Another thing both films have in common is, there’s a darkness within the stories, which, somehow, makes the humor even funnier. In No Way To Treat A Lady, Segal plays Morris Brummel, a NYC detective on the hunt for a serial killer, played to perfection by Rod Steiger. Steiger’s character, Christopher Gill, who comes from a theatrical family, is a master of disguise and accents, which makes tracking him down incredibly difficult. Gill takes an interest in the detective hunting him, and begins calling Morris, taunting him. As I said, the story is dark. The movie is funny.
A tremendous part of the humor comes from the wonderful Eileen Heckart, as Mrs. Brummel, Morris’s mother (who he still lives with). In Heckart’s capable hands, what could easily have become a one-dimensional caricature of the standard Jewish mother, becomes a fully realized multi-dimensional human being. The gorgeous and talented Lee Remick, who becomes Segal’s romantic interest, is the one-person who has seen Gill, making her a witness, as well as a potential victim.
There’s a lot going on in this film. In lesser hands, it could easily have become a mess. But the combination of incredible acting, a superb, funny and, at times, thrilling screenplay, and Smight providing a light directorial touch, firmly places this movie on my list of Must Sees.
I have a sneaking suspicion, No Way To Treat A Lady may have led Segal to Where’s Poppa? Once again, we have Segal as NY attorney, Gordon Hocheiser , who still lives with his seemingly senile mother (the amazing, Ruth Gordon). What keeps Hocheiser home, is the deathbed promise he and his brother, Sidney (the hysterically on point, Ron Liebman) made their father, to never put Momma in a home.
When Gordon falls in love with the ethereal, almost angelic, and absolutely shiksa nurse, Louise (Trish Van Devere, perfectly cast), hired to care for Momma, Hocheiser determines the last thing he’s going to do is allow Momma to screw this one up — no matter what he has to do to prevent it.
That’s the set-up. As in No Way To Treat A Lady, we’re dealing with a dutiful Jewish son, with an overbearing mother, who falls in love with a beautiful shiksa (for the uninitiated, a shiksa is a non-Jewish woman). That’s where the films diverge. Where’s Poppa is filled with so very much more — Sidney’s nighttime runs through Central Park, an unbelievably funny courtroom scene with a pre-All In the Family Rob Reiner doing battle with the ultimate war-hawk, army Colonel, played by the great Barnard Hughes, just to mention two.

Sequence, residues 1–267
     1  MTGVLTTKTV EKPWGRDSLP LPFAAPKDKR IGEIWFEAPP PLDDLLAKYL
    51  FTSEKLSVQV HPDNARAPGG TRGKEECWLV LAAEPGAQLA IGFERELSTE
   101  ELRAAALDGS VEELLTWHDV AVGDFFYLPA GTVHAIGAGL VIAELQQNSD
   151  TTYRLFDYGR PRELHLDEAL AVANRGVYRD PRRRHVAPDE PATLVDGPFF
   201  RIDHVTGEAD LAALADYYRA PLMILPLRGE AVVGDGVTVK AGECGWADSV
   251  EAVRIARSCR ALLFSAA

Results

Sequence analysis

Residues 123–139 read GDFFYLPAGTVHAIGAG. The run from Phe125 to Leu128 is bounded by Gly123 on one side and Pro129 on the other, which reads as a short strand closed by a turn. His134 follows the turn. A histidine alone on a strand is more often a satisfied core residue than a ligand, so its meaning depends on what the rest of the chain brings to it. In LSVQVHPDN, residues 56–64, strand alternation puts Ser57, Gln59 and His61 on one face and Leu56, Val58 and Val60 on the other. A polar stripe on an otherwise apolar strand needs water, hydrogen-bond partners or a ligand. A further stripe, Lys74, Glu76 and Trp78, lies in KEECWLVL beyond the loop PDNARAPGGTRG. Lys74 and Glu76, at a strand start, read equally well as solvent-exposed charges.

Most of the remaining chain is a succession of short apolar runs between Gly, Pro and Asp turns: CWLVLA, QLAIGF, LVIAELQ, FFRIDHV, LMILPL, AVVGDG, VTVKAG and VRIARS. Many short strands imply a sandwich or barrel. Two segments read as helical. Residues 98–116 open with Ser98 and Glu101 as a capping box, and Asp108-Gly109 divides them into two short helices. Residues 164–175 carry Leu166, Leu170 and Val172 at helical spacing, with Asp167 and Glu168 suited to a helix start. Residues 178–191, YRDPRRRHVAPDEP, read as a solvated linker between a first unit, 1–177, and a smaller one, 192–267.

From the very first moment, Reiner the elder, directs this fast-paced film to perfection. There are moments so hysterically funny, situations so easily relatable (especially if you’re from NYC, and Jewish), you have to be careful not to laugh so hard you miss out on some of the fun.
While both films are very much of their time (late 60s to 1970), the humor stands up. Funny is funny.
In any event, these two comedies are on my list of movies you have to see — unless, of course, you have no sense of humor and don’t like comedy. I’d also like to give honorable mentions to two other films from that same time period. Harold and Maude, a story about a very rich young man with social anxieties (Bud Cort), who falls in love with a 70-something, free-spirited woman (once again, Ruth Gordon) who teaches him to enjoy life. All I can say is, it’s a wonderful, funny and even poignant film.
The other honorable mention goes to The Loved One, based on a novel by British satirist Evelyn Waugh. This comedy deals with the very profitable funeral industry in Los Angeles, and stars a young Robert Morse (fresh off the smash Broadway musical, How To Succeed In Business Without Even Trying), the always brilliant comedy of Jonathan Winters, the stunningly beautiful, Anjanette Comer, and, once again, the incredible Rod Steiger. There’s also an all-star guest cast that’s a veritable who’s who of 60s comedy.
All four of these films remain fresh and funny. They still make me laugh. And they continue to teach me about my craft.